With that annual period of self-denial leading up to Easter, many try to decide what to surrender. The Russian Orthodox Church — which observes Easter about a month after Catholic and Protestant churches do this year — has a suggestion: Give up Twitter, Facebook, Instagram and all the social networks which offer a barrage of information each and every second.
"I don't mean just people who use depraved, entertaining, stupid and empty information," church spokesman Vsevolod Chaplin explained to the Guardian. "Even useful information, that relates to our work and well-meaning interests, clogs the brain and soul too much."
Instead of using social media, Chaplin explains, you should give yourself "several hours or 15 minutes of time during Lent to not read curses on social networks, but serious texts, serious art, prayer, unhurried conversation with close ones."
"This is a unique chance to change your life," Chaplin adds.
This isn't the only opportunity we've been given for a spiritual reboot of our tech-obsessed lives of late. In early March, some celebrated the fourth annual National Day of Unplugging, a holiday dreamed up by the artists behind Sabbath Manifesto, a creative project revolving around the search for "a modern way to observe a weekly day of rest."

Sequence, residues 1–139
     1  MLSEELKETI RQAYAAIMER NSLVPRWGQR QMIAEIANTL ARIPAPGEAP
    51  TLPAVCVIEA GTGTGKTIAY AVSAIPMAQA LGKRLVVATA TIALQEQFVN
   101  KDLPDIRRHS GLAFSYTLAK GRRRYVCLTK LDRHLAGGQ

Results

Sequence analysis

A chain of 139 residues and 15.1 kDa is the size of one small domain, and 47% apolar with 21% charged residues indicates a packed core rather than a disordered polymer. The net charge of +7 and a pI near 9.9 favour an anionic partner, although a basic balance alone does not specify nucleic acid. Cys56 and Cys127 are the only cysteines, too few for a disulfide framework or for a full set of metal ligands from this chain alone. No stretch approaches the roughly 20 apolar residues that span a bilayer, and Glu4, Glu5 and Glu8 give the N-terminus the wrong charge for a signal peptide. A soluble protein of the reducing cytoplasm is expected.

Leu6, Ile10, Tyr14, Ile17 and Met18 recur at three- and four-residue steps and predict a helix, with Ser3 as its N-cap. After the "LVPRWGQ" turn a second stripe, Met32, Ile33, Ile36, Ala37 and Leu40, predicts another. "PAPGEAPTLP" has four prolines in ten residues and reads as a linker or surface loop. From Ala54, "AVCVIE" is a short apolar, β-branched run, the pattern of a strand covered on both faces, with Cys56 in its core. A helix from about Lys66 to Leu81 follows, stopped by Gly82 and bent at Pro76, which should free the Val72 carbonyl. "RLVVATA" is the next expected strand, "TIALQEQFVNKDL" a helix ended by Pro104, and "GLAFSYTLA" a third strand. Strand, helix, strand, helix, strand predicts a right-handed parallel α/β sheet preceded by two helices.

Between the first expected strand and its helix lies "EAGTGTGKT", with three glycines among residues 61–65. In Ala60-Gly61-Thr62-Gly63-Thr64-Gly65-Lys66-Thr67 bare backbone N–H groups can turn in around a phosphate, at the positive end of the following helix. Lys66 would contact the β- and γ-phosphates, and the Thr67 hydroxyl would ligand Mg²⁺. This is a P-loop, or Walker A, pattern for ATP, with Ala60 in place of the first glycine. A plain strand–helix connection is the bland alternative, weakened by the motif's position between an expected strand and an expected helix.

The holiday lasted from sundown on the first Friday in March until sundown on the following day. It came with a list of principles borrowing from the biblical Sabbath tradition to encourage folks to recharge their metaphorical batteries.
Considering that there are studies suggesting that Facebook can leave us feeling miserable and that various other uses of technology can increase stress — constantly looking at your email might be making you antsy — it's no surprise that there are so many movements are urging us to take a break from social media and tech in general.
The only problem is that some of us are far too attached to our gadgets.
"These things have an 'off' switch?" someone replied.
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